children cataracts
Children with cataracts treated with stem cell technique to restore functional lens. National Eye Institute, National Institutes of Health

Stem cells have been used to treat cataracts in 12 infants by re-growing functional lenses to replace those damaged by the condition. The minimally invasive technique was found to result in faster healing and fewer complications than current standard treatments.

Cataracts are the leading cause of blindness worldwide. Normally they develop with age but congenital cataracts can affect babies and children, affecting between three and for infants in every 10,000 children in the UK.

Cataracts are characterised by a clouding of the lens of the eye, resulting in vision loss. Normally, it is treated by the surgical removal of the clouded lens, which is then replaced by an artificial lens. The technique is commonly used, but can result in complications, such as inflammation, a lengthy recovery period and most paediatric patients need some sort of surgery or glasses following the operation.

An international team of researchers, led by University of California San Diego and UCL in London, has now presented a new technique that involves isolating and preserving the lens stem cells, then using these to regenerate functional lenses. The new lens can then be used to restore the patient's vision. Findings were published in the journal Nature.

To test the technique, the team carried out the surgery on rabbits and macaques. They then carried out the procedure on 12 infants under the age of two. In the human trial, there were fewer complications, faster healing and, after three months, all the patients had a clear, regenerated lens in all of the affected eyes.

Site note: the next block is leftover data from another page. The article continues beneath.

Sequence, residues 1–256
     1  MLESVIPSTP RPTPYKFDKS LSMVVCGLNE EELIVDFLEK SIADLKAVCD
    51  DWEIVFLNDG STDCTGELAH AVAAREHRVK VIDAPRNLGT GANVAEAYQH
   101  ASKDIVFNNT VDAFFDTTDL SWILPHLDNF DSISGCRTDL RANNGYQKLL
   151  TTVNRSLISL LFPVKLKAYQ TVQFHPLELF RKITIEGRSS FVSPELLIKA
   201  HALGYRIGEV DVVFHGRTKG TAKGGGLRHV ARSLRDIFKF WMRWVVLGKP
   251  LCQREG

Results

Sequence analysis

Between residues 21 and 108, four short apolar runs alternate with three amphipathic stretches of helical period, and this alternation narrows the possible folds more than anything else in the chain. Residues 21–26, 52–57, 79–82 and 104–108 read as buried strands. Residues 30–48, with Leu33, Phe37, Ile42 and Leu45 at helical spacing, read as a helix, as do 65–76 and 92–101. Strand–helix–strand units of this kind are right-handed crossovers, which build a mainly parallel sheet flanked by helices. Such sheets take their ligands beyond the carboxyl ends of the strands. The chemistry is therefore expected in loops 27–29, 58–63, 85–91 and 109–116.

"Our method resulted in visual axis transparency in 95% of cataractous eyes in infants, a much higher percentage than that obtained by traditional surgery," they wrote.

(representational image) istock

Stem cells from the lens – called lens epithelial stem/progenitor cells – differ from other stem cells because they regenerate replacement cells through a person's life. By removing the entire lens, as is done in current treatments, the LECs that "hold the regenerative key to lens restoration" are being destroyed.

"Our method differs conceptually from current practice, as it preserves endogenous LECs and their natural environment maximally, and regenerates lenses with visual function," they wrote. "Our approach demonstrates a novel treatment strategy for cataracts and provides a new paradigm for tissue regeneration using endogenous stem cells."

While the technique has only been carried out in infants, the authors say it could be applied to elderly patients suffering from age-related cataracts. Kang Zhang, one of the study authors, said: "An ultimate goal of stem cell research is to turn on the regenerative potential of one's own stem cells for tissue and organ repair and disease therapy ... We believe that our new approach will result in a paradigm shift in cataract surgery and may offer patients a safer and better treatment option in the future.

"The success of this work represents a new approach in how new human tissue or organ can be regenerated and human disease can be treated, and may have a broad impact on regenerative therapies by harnessing the regenerative power of our own body."

In an accompanying News and Views article, Julie T Daniels is at the University College London Institute of Ophthalmology, said the research shows the "remarkable regenerative and therapeutic potential of stem cells", but cautioned the long-term outcome is as of yet unknown.

"Whether either of the reported therapies will lead to cornea or lens transparency that can be maintained in the long term remains uncertain. However, these exciting studies take us away from simple therapies that involve like-for-like replacement of single mature cell types, and open up the possibility of therapeutic manipulation of the broader stem-cell environment in the eye."